“As it is, it is no longer I myself but it is sin living in me. For I know that good itself does not dwell in me, that is, in my sinful nature. For I have the desire to do what is good, but I cannot carry it out.
For I do not do the good I want to do, but the evil I do not want to do – this I keep on doing. Now if I do what I do not want to do, it is no longer I who do it, but it is sin living in me that does it.” Romans 7:17-20.
Spoken like a true Hebrew!
Every year, during Elul, the last month of the Hebrew calendar, prior to the Feast of Trumpets (Yom Teruah or Rosh Hashanah) which preceded the most holy day of the year, (Yom Kippur, the Day of Atonement), a trumpet was blown daily as a reminder to every Jew to prepare for Yom Kippur. This was the day when God judged and forgave all sin for another year.
Preparation consisted of three things, teshuvah, tephillah and tsidaqah – repentance, prayer and works of righteousness. However, repentance was not about turning away from sin but returning to the person God created them to be. Prayer was not about petitioning God but about turning towards Him and learning to think like He thinks. Works of righteousness were not about doing things for less fortunate people even though they were undeserving, but about being merciful and generous to others because God had shown mercy to them.
Paul recognised that sin was an invader, illegally occupying the person God had created him to be. This was not as God intended. He had been taken over from conception by a squatter who had no right to be there but whom he had no power to evict. He differentiated between his true self and the sin that ruled his life. He was not making excuses for his behaviour or trying to evade responsibility for his choices, but rather recognising that God was not responsible for what he was because sin was not in His blueprint for man.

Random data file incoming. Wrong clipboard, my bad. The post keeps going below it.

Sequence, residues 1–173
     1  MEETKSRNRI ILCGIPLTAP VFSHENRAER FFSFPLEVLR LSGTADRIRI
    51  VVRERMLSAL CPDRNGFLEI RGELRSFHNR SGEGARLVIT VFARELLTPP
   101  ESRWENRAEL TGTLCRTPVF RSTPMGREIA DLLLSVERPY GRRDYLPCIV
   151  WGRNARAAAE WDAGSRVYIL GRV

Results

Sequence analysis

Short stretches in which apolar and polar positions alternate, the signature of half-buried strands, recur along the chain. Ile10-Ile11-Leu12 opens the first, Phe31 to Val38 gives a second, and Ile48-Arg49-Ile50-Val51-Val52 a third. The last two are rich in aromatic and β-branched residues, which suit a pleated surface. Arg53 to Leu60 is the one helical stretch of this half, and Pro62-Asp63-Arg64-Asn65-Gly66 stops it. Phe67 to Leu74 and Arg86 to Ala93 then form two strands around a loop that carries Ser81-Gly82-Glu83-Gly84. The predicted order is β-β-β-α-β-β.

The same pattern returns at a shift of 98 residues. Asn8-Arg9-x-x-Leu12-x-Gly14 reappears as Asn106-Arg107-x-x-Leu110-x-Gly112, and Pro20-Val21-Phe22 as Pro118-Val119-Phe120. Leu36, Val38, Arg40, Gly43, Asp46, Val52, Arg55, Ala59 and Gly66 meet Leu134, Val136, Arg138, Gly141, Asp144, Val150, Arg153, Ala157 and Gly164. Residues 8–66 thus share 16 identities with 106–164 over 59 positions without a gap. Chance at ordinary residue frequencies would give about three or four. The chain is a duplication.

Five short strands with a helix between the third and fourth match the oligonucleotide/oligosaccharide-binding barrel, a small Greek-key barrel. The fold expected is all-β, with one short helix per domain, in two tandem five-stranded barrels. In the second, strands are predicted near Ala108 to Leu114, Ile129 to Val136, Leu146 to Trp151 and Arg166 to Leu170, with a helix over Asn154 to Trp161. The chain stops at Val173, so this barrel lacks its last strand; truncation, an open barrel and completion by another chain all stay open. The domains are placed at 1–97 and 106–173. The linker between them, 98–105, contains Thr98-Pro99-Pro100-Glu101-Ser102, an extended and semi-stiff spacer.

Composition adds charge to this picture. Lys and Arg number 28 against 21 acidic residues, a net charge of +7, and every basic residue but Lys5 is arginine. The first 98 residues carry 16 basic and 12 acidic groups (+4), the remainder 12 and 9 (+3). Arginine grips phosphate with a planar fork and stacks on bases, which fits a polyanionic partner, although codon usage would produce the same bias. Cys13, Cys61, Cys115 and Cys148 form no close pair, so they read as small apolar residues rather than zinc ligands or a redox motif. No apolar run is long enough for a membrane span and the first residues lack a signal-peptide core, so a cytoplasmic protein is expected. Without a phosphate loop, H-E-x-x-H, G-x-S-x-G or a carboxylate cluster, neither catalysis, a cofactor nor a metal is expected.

God is good (functional) and everything He made, including man, was good (functional), working together in perfect harmony with God’s nature and with one another. The entire universe was created to be a unit. It would remain that way as long as human beings, who were to rule the earth, chose to live in harmony with God’s will.
When man rejected God’s way and set up his own rules, he and the whole universe became dysfunctional. He has repudiated God’s right to tell him how to live by giving his allegiance to a usurper, and paid the price God had warned him about – death. He was still man, made in God’s image with the potential to be one with God, but now his bent was towards rebellion. There was a foreigner in charge and he was obligated to obey Satan because he, man, had relinquished control.
Paul recognised that his sinful nature was dysfunctional, incapable of obeying God and doing the right thing. There was civil war in his inner being. He longed to be obedient to his Creator, but he had no power to change his nature which was under the influence of the enemy and driven by enmity towards God.
He was trapped in this inward conflict with no hope of ever getting out of it by his own efforts. The problem was that, legally, he in the dock, judged guilty, living in shame and fear and awaiting sentence on the Day of Judgment. By his own sinful life, he proved that he was in cahoots with the usurper and rightfully declared guilty.
What a terrible plight he was in. He knew he was condemned yet, at the same time, he yearned to be free to worship God and follow His ways. He was inside his prison cell peering wistfully through the bars at the beautiful world outside, with no way to get out and enjoy the freedom that should have been his.
What was he to do? He needed someone to step in and rescue him.
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